All through the hearings — which is able to final Monday via Thursday, after which resume on Nov. 16 — the Court docket of Enchantment will hear from a number of events arguing to both abolish or beef up the legislation.
Furheen Ahmed, a instructor at Westmount Excessive Faculty in Montreal, who wears a hijab, is hoping for the legislation to be struck down.
“It is absurd,” she mentioned. “There is no proof of something unfavourable popping out of people within the classroom instructing carrying a kippah, carrying a turban, carrying a hijab.”
Greater than two years after Invoice 21 got here into impact, she mentioned she’s seen tales of people who’ve misplaced their jobs or who’ve chosen to pursue careers exterior of Quebec as a result of they’re unable to work within the public sector and put on the religions symbols that matter to them.
Ahmed mentioned the problem is folks’s notion of faith, or sure religions, “and that notion is being thrown onto my freedom, my selections. [It’s] not honest.”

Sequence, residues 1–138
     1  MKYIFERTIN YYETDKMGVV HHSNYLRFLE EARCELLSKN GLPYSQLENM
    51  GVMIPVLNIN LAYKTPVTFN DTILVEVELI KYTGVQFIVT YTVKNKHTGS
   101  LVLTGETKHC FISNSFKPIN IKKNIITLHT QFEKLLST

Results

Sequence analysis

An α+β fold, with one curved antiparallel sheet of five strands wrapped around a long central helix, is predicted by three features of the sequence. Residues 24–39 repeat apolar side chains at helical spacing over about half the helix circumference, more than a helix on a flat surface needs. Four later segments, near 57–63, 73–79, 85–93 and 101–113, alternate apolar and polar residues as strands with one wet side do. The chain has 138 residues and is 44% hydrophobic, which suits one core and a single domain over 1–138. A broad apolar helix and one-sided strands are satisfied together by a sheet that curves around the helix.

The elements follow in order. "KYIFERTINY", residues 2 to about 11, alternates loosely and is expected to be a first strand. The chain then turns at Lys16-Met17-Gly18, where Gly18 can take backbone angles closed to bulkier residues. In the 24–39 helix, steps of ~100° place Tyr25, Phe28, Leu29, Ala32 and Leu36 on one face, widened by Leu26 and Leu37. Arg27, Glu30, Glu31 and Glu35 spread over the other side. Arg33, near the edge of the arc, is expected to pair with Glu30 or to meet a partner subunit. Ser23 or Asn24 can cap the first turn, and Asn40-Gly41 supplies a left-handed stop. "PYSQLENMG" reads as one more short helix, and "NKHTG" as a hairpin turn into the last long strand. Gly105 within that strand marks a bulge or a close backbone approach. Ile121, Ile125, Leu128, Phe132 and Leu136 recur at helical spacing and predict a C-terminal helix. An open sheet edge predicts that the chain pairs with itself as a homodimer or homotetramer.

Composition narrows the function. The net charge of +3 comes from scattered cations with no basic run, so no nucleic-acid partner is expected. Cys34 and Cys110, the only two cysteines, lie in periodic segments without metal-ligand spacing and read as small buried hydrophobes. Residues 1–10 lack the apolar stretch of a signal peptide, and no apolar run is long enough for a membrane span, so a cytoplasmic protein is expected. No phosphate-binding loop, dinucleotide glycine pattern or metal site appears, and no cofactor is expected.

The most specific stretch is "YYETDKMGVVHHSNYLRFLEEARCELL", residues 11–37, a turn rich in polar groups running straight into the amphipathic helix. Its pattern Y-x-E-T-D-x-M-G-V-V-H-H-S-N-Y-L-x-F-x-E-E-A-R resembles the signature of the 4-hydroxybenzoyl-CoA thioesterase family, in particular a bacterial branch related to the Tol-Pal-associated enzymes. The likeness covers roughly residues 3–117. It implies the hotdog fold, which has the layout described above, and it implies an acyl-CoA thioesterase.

On the opposite finish of the spectrum, a pro-secular group, the Mouvement laïque québécois (MLQ), will argue not solely that Invoice 21 does not trample minority rights however that it does not go far sufficient in defending the rights of fogeys to have their kids obtain a secular training.
“The faculties usually are not there to make sure the liberty of non secular observe of the lecturers. The varsity is there to educate college students, to make sure their freedom of faith, to make sure the equality of all college students’ religions,” mentioned Daniel Baril, president of the MLQ, in an interview with CBC Information.
Baril mentioned his group would ideally need the spiritual symbols ban to use to all workers in faculties — not simply lecturers — in addition to in CEGEPs and early childcare centres.
Laura Berger, a workers lawyer with the CCLA, mentioned her staff will probably be discovering progressive methods to skirt across the however clause to argue towards forcing folks to “select between their religion and their careers.”
She mentioned Quebec must strike a steadiness between the correct to a secular province and people’ rights.
“We firmly consider that freedom of faith means pushing faith out of the state. It does not imply pushing folks out of workplaces,” she mentioned.
Berger mentioned the Enchantment Court docket can take between six and 18 months to situation a ruling.
It is extensively anticipated the legislation will finally be challenged within the Supreme Court docket of Canada.